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EVENHAND (director/producer: Joseph Pierson; screenwriter: Mike Jones; cinematographer: Tim Orr; editor: Alex Albanese; music: Mike Doughty/Joel Goodman; cast: Bill Sage (Officer Ted Morning), Bill Dawes (Officer Rob Francis), Lawrence Stringer (David Mather), Io Tillet Wright (Toby), Ruth Osuna (Jessica), Irene Pena (Carla), Hector Garcia (Victor), Kelley Saunders (Carol), Earley B. Teal (Old Man With Brick); Runtime: 92; MPAA Rating: R; producer: Fernando Cano; Cypress Films; 2002)
“A superior indy cop film.”

Reviewed by Dennis Schwartz

A superior indy cop film done in a low-key manner and getting to a more realistic way cops operate everyday than most films that go for the melodramatics and glamor. Joseph Pierson directs this strong character study and loosely drawn drama about two opposite type of cops as partners in a fictional poor Texas small-town called San Lovisa (it was filmed in San Antonio and dedicated to the cops in that town who lost their lives in 2001). It’s a fresh takeoff on those 1970s “good cop, bad cop” buddy films.

Officer Francis (Bill Dawes) is soft-spoken nice guy, people person, who has been shaken by his recent divorce and is trying to deal with it by getting transferred to the bad part of town, where he’s guaranteed to see lots of action. The straight-laced officer is assigned to a hot-shot maverick veteran officer who believes in being physical and hates “fat” cops, Officer Morning (Bill Sage). Morning’s cynical cop credo is: “If you want to help people, you arrest them.” The film follows the cops around in their patrol car as they deal with mostly ordinary stuff like domestic disputes, noise complaints, juvenile crimes and an incident where a crazy older man refuses to drop a brick. As a running gag, from time to time we see juveniles walking around with a sign indicating why the judge punished them, as one sign reads: “I am a thief.”

The opposites at first are unsure of each other, as each has a different approach to life and the job. Frances tries the social worker approach, while Morning enjoys being aggressive and in your face. Slowly the men begin to trust each other and see the strength in the other, and bond as they become more supportive and protective of one another. Frances learns to be more pragmatic and remains a survivor by fending off the tensions on the job. But Morning lapses into emotional involvement with the perps, which goes against his character and proves to be dangerous.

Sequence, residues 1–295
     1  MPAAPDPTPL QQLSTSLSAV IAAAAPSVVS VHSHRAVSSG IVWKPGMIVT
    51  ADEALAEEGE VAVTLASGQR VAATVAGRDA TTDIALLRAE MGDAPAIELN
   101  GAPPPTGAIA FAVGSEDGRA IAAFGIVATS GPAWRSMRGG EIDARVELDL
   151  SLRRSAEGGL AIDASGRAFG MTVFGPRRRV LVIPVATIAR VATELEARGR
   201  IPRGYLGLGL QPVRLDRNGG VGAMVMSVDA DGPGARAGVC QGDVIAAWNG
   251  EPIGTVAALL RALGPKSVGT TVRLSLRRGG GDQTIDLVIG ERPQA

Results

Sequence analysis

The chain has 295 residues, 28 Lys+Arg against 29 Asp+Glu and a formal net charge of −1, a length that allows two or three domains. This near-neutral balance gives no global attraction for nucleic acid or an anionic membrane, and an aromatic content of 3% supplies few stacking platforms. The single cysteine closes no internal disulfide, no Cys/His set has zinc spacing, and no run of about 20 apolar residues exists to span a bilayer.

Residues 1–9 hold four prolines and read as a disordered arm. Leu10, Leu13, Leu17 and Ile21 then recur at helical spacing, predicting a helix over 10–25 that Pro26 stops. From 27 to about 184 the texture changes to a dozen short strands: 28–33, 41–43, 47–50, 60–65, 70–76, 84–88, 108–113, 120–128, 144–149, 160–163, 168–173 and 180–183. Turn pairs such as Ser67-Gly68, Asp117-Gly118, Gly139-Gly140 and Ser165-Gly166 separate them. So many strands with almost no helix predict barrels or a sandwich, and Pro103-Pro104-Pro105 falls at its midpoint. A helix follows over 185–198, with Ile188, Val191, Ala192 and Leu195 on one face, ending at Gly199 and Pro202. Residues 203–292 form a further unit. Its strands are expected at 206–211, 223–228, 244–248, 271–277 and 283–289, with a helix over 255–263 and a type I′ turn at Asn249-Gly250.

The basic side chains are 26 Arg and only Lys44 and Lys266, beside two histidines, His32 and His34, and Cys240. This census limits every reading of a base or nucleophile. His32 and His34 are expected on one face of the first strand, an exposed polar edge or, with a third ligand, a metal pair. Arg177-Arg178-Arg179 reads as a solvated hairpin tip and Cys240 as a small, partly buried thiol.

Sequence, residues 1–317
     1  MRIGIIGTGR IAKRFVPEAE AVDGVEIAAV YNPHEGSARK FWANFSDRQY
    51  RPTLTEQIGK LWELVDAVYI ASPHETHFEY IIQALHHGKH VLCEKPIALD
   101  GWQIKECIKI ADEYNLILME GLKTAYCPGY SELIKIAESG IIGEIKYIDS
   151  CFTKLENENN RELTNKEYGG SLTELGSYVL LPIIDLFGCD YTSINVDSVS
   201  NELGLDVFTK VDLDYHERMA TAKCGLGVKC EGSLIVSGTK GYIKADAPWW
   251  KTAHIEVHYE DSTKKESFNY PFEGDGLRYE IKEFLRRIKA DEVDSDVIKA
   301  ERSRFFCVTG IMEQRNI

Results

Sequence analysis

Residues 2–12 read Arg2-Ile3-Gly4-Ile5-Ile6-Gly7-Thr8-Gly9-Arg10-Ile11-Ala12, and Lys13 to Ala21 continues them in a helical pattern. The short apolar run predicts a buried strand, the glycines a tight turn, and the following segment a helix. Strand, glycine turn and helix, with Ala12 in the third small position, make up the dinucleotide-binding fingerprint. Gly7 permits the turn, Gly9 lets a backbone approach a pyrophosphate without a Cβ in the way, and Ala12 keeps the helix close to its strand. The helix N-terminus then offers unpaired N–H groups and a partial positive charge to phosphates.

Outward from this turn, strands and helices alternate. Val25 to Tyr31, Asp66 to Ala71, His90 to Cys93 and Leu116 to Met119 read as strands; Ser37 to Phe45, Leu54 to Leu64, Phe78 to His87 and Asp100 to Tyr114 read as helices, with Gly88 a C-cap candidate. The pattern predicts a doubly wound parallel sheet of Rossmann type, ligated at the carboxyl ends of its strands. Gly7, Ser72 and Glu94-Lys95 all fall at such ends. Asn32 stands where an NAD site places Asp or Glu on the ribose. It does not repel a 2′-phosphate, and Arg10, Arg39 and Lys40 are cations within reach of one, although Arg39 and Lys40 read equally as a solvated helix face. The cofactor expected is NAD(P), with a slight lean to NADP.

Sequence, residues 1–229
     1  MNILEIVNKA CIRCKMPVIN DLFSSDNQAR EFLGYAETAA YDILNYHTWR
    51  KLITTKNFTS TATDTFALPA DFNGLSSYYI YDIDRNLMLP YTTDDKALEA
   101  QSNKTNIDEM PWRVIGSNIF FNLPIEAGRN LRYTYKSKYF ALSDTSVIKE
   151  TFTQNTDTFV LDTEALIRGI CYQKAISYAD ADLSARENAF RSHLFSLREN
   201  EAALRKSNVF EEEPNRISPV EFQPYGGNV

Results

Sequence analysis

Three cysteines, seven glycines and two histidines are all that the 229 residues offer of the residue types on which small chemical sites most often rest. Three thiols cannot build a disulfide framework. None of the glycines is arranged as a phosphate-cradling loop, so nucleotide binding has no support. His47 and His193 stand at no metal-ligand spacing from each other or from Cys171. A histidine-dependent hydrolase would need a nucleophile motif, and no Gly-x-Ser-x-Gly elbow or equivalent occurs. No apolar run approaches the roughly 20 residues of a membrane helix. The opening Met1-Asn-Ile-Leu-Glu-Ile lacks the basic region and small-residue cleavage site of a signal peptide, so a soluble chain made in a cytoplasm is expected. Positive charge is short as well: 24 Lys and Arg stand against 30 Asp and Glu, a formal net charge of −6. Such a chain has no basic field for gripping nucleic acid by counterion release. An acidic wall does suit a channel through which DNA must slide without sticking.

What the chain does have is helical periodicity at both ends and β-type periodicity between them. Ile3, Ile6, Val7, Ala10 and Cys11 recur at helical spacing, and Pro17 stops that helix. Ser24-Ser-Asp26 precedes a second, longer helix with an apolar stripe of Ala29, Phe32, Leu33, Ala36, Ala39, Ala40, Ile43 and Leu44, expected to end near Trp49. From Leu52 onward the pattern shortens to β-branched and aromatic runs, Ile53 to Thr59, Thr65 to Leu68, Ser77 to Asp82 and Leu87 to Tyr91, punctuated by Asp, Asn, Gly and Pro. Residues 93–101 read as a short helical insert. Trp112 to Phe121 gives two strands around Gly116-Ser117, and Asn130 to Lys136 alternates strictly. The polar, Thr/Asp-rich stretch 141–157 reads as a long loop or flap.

At a convenience store the shy Frances spies cute counter-girl Jessica (Ruth Osuna) and develops a crush on her, but she doesn’t recognize him when she sees him in the store out of uniform. But she recognizes him when the store is robbed by a violent assailant and he comes to the rescue. Morning gets his kicks harassing a junkie delinquent named Toby (Io Tillet Wright), never arresting him but regularly busting his chops though not realizing how the anger is simmering in the kid. The other featured case is about David Mathers, a violent psychopath, a wife beater and threat to his neighbor. Mathers is wanted because he doesn’t show for his wife’s abuse hearing, and the cops plan to shoot him on sight after he runs off with Officer Frances’s gun in a failed attempt to bring him in.

It all leads to a surprising but deserved violent conclusion that shakes off all the wry comedy from the set-up vignettes. This outburst of violence highlights the dangers of the job, as it makes the point you never know what might happen when you go to work each day if you’re a cop. Before it ends, the film sneaks in its evenhanded message about law enforcement “that cops can make things better by chasing away the shadows.”


Dennis Schwartz: “Ozus’ World Movie Reviews”